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Standardized virtualization environments preferred, survey says

A recent survey indicates that respondents want to standardize virtualization environments on one hypervisor, but VMware's high cost and growing cloud use may force heterogeneity.

The first part of this article on TechTarget's "Virtualization Decisions 2009 Purchasing Intentions Survey" focused on the server virtualization market and how to select the right virtualization software vendor for your organization.

In this second part, we'll explore the pros and cons of running multiple vendors' platforms in your virtualization environment and review the virtual appliance and cloud computing markets.

Virtualization environments: To mix or not to mix?
If you have some combination of Windows, Red Hat Enterprise Linux, SUSE Linux Enterprise Server, Solaris and Oracle in your data center and you follow our virtualization selection recommendations, your environment will support multiple virtualization software platforms. Each platform has its own set of virtualization management tools, which creates licensing and maintenance complexity.

The survey results indicate that 55.8% of respondents want to standardize on a single x86-based hypervisor if possible. This data aligns closely with the results of a winter 2009 study by The Info Pro, in which 54% of respondents said they do not want to use multiple x86 virtualization approaches. But 54% of respondents said they would use multiple approaches to get the required performance and support.

Realistically, you need at least two or three for high-performance production applications and timely support for guest operating systems when issues arise.

But if you want to standardize on one virtualization platform, VMware stands out as the only solution that is suitable, according to The Info Pro study. IT managers believe in VMware because it dominates the virtualization platform market.

Market-by-market breakdown
There are multiple virtualization software markets: server virtualization, cloud computing, virtual appliances and so on. Microsoft and VMware have the markets for server virtualization and internal cloud computing, but where are the markets for Citrix Systems, Oracle, Red Hat and other open source virtualization software vendors for public clouds and virtual appliances? To decide which virtualization platform vendors to go with in a specific market, you should focus on the size of their installed bases.

VMware has by far the most virtualization software customers, and Windows is the platform most likely to be virtualized, so Microsoft and VMware should continue to dominate the server virtualization market. For the same reasons, they will do very well in the internal cloud market. When it comes to virtual appliances, IDC indicates that by 2012 Linux and other open source virtualization platforms -- free and paid -- will begin to dominate, thanks to Microsoft's lack of interest in appliances and the low cost of open source software.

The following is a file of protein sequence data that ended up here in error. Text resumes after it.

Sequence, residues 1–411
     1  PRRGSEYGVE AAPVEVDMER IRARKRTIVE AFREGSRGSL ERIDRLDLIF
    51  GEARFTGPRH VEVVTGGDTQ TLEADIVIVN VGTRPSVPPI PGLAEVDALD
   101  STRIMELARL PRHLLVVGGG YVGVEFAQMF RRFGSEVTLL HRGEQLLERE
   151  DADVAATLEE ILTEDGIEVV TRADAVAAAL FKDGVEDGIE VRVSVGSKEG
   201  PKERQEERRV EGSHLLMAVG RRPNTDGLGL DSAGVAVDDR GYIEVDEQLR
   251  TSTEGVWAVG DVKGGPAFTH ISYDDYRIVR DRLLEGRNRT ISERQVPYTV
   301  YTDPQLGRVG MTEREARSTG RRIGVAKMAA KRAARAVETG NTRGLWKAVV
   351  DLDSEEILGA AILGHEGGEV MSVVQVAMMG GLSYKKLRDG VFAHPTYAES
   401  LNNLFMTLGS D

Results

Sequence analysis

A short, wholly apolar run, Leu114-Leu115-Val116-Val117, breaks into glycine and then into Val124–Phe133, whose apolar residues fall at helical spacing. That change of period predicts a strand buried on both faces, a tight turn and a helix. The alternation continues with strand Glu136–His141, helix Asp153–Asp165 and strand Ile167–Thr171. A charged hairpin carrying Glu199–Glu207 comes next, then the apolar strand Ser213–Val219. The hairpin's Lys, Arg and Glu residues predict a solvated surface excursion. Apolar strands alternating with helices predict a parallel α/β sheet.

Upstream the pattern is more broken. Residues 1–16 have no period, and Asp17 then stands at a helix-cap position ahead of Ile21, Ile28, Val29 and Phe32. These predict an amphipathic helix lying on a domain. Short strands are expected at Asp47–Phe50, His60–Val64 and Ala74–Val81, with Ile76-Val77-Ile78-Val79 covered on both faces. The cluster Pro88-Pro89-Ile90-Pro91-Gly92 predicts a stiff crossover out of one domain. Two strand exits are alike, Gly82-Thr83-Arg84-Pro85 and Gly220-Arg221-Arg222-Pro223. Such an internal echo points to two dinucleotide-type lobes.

No virtualization software platform or vendor has emerged as the de facto platform for cloud computing. Neither open source nor commercial virtualization platforms provide a complete solution for cloud providers, leaving them with a lot of development and integration to do. Cloud providers that want to get up and running have to balance go-to-market time, features and support with the cost of licensing fees. Commercial vendors generally allow cloud providers to get to the market quicker, but sometimes providers have to pay stiff licensing fees, whereas open source Xen is free. Many cloud providers use open source Xen as their virtualization backbone, but they are increasingly considering XenServer and other commercial versions.

XenServer offers management tools, such as XenCenter, which are not free but are generally unavailable with open source Xen. And if they were provided with open source Xen, they would involve the burden of writing code.

Tom Bittman, a Gartner vice president, says cloud platform providers don't want to write their own software using Xen. They want to buy software, especially management software, and that is where Citrix and Oracle can be players. He says that for VMware to be a significant player, it would have to significantly reduce the price of its virtualization offerings. And Windows will not be a prominent player in public clouds, because cloud providers don't care what the operating system is; all they care about is which services are provided.

We should expect to see more cloud providers and fewer operating systems, according to Bittman. He expects the few general cloud platforms of today to fragment into many specialty cloud providers, with applications and infrastructures that cater to specific industries or technologies with specific compliance requirements.

Dan Cameron, the lab director at Cambridge Health Alliance in Cambridge, Mass., agrees. He says that his data center will likely use several cloud providers, many of them niche providers, in addition to one or more large providers, such as Amazon.

ABOUT THE AUTHOR: Bill Claybrook is a marketing research analyst with more than 30 years of experience in the computer industry and a decade of expertise in Linux and open source technologies. From 1999 to 2004, Claybrook was the research director for Linux and open source at Aberdeen Group. He is now the president of New River Marketing Research in Concord, Mass., and holds a Ph.D. in computer science.

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